Reportage CBC – Les 3 maîtrises et la Voie du Kung Fu – Montréal 2001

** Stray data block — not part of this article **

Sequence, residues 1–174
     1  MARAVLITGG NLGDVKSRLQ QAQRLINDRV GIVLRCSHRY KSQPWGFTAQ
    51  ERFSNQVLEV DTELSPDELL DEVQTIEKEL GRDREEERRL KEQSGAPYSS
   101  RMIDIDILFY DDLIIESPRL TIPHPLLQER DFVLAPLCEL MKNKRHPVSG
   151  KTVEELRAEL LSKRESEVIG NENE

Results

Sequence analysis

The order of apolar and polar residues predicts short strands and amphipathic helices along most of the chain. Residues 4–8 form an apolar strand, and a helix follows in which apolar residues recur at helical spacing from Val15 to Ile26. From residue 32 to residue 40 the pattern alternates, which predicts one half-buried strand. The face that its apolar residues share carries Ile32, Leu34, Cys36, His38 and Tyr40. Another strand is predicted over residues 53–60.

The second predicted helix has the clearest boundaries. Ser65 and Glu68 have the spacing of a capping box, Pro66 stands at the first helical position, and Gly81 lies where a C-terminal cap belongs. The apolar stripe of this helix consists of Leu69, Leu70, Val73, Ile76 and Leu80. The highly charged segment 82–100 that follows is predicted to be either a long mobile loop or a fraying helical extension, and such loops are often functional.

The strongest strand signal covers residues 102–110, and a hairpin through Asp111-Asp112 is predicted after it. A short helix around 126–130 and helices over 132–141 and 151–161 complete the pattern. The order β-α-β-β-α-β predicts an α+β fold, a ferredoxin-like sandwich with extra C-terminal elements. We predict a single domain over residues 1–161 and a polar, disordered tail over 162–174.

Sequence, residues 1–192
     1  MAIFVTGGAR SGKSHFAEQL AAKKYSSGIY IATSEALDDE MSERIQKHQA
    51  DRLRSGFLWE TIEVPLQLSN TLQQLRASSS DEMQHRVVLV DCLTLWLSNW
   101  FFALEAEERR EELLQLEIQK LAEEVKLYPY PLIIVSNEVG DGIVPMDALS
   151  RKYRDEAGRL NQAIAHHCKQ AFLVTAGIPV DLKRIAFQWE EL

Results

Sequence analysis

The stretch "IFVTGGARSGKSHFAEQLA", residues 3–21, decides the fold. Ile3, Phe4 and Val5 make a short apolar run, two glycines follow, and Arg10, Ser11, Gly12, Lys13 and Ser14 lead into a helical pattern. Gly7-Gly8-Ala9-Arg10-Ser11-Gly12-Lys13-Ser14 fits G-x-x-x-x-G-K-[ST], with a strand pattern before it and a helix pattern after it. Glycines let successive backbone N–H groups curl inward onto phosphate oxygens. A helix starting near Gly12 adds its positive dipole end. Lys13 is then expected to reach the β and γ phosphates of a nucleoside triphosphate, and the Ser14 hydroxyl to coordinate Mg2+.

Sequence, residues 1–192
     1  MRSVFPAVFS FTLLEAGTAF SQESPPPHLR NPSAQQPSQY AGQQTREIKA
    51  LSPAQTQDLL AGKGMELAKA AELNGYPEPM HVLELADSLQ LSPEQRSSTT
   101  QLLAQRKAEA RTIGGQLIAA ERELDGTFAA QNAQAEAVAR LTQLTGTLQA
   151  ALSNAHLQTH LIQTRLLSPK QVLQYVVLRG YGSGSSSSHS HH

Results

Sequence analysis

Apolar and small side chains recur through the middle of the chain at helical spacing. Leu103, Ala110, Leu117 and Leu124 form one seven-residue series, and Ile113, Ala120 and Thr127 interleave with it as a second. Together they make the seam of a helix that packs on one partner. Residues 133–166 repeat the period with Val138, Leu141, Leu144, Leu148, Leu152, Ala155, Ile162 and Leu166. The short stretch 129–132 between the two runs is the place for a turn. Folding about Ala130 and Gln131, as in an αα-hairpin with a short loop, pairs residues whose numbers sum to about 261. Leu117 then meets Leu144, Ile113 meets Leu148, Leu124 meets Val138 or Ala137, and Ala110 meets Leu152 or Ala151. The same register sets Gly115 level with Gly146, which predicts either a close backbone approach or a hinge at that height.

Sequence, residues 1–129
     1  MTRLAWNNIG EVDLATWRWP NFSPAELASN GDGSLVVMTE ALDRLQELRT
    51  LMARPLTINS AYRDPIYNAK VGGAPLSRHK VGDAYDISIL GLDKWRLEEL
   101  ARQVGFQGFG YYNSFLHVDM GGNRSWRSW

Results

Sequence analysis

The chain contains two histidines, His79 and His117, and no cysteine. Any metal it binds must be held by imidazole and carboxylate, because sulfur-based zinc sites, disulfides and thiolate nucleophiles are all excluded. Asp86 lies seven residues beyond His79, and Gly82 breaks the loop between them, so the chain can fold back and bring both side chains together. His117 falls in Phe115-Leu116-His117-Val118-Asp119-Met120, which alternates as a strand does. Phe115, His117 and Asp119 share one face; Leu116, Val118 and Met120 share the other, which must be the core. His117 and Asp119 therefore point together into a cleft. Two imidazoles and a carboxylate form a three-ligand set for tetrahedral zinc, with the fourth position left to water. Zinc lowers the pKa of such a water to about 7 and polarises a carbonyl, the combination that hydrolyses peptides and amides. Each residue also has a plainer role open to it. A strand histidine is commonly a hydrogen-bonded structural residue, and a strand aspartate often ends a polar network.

I am Alain Crevier. Welcome. Do you remember the first images of Kung Fu you’ve seen at the movies? They were extremely violent. Today we understand that Kung Fu is the opposite of violence, for it teaches self-control. It is the preparation of the body for the preparation of the soul. We can even say that Kung Fu is a spiritual way. “Sifu” is the title of Kung Fu professors. It has no feminine form. It means “teaching dad”. I practice since 1971. I was then working in a bank. I abandoned the job and sold everything. Afterwards I always lived as my internal soul wanted rather than what my external body did. It seems that Providence always brought me good fortune because I always kept doing what I truly enjoyed. In Oriental philosophy we believe in reincarnation, in a destination called Karma. Therefore we keep trying to understand our Karma and to follow it. Following your Karma shall make your life easier. You swim with the tide. Not following it means you swim against the tide. In our philosophy, everybody must search for his own Way and follow it. A way to follow, to fulfill and accomplish. I find all my answers through my teaching, my practice and my pathway and that of others. It tells me why I exist, why I am on this planet. I have all the answers. In Kung Fu we established the rule of the three M’s. The first is the Mastery of Techniques. Through techniques you shall understand your capacity and weakness. The second M stands for Mastery of Emotions. We human beings experience seven emotions. In martial arts this mastery of all emotions is also called the Mastery of Self. After these two steps, you have to attain another level. It is the Mastery of Violence. Such is the goal of Kung Fu. The movements that are at the genesis of Kung Fu go far back in time. Is is the venue of the Indian monk Bodhidharma in China in the 6th century that set the foundation of Kung Fu as it is known today First taught to monks, Kung Fu is in itself a spiritual path. It applies the philosophies of Buddhism, Taoism and Confucianism. A main goal of this art is to follow our personal way without resisting it, while giving our body a rigorous and demanding physical discipline. Two steps that seem contradictory and as heterogeneous as water and oil. However they harmonize with the philosophy of Kung Fu through practice. They are not contradictory at all. If you throw yourself in the river you will have to swim not to be carried away. You must stay alive to progress. To cross the ocean you need a steady ship. If not steady, how do you plan on crossing it? The body is the ship. Make it strong before you cross the ocean. Such is the vision of Kung Fu. Before I did martial arts I didn’t like grocery-shopping because I had to climb stairs with heavy bags. A month after I started to practice, this task became part of my progress in martial arts. Every hustle of my life became a tool to get better in martial arts. I was changing all my life. You become aware of what you do in the present. I prefer to call it a “presence” than a “concentration”. It is fluid. It’s all about following the moment that keeps moving. When we practice Kung Fu you go beyond your limits, we discover who we are. We discover our beauty. That we have great qualities and that we may love ourselves even more. We develop a self-confidence. The most beneficial aspect I get from teaching and practicing Kung Fu for a long period of time is the comprehension of Life and Death. For some it is esoteric. For others it might be difficult to grasp. After 50 years following the Way it all becomes very clear. It is something I think everyone must understand in order to grasp a great philosophy. That is the most important.